Tuesday, February 19, 2008

Ok, I'll admit it--

I'm probably naive. And frankly speaking, I try to keep myself that way, in some respects. (g)

Wandering through this curious digital realm of blogs and comments, I'm frequently amazed by the extremely varied opinions (not necessarily a bad thing, but sometimes mindbogglingly different from what I've assumed was widely accepted), the "random acts of rudeness", the ignorance, and (often) the downright stupidity of people.

I suppose there has always been a certain number of stupid and/or rude people making things uncomfortable for the rest of us, but I have to wonder if the percentage is increasing.

Some of it can be attributed to our relative anonymity in our online lives. It's easier to be rude to someone when you think that no-one knows who you are. (It's also easier to say vicious, vile things about/to someone when you aren't looking him or her in the face. Well, that's true for most of us, at least.)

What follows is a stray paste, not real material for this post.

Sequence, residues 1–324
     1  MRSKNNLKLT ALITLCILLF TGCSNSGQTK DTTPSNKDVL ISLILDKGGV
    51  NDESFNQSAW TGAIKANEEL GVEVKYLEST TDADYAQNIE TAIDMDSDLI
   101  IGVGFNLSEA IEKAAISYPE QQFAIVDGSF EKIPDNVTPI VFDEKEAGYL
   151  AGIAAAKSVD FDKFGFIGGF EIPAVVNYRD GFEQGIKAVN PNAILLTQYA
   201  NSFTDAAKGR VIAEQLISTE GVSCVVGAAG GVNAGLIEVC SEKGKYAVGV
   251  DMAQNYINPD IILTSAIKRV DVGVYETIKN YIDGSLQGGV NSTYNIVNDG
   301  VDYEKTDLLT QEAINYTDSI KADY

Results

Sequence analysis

That aside, how much of this is due to the breakdown of long-held standards of decency and respect for self and others? Why is it ok-- or if not quite "ok", at least to the point that the rest of us just ignore it-- for someone to post a crude, angry comment about something as harmless (and completely unoffensive) as some random blogger's list of things they'd like to read?


It's discouraging. A little thing, to be sure-- or rather, many, many little things-- a thousand pinpricks, perhaps? Maybe it's not worth bothering about these little things when there are such bigger problems facing us... But then again, what good is defending our way of life from outside threats if we're slowly (or not so slowly?) rotting away from within?

I know I'm not the first to comment on the rudeness of the Internet Age, but I needed to vent! (g) Anyway, the grumbling is officially over, now, and I'll try to remind myself that the extreme rudeness is probably magnified by the fact that rude people tend to be louder than the rest of us. Not to mention that the ignorant and the stupid (separate groups, but both dangerous) likely spend more time blogging than our brightest minds. (I suspect that they're otherwise engaged.)

. . . Hm. Maybe I shouldn't blog so much, myself. ;o)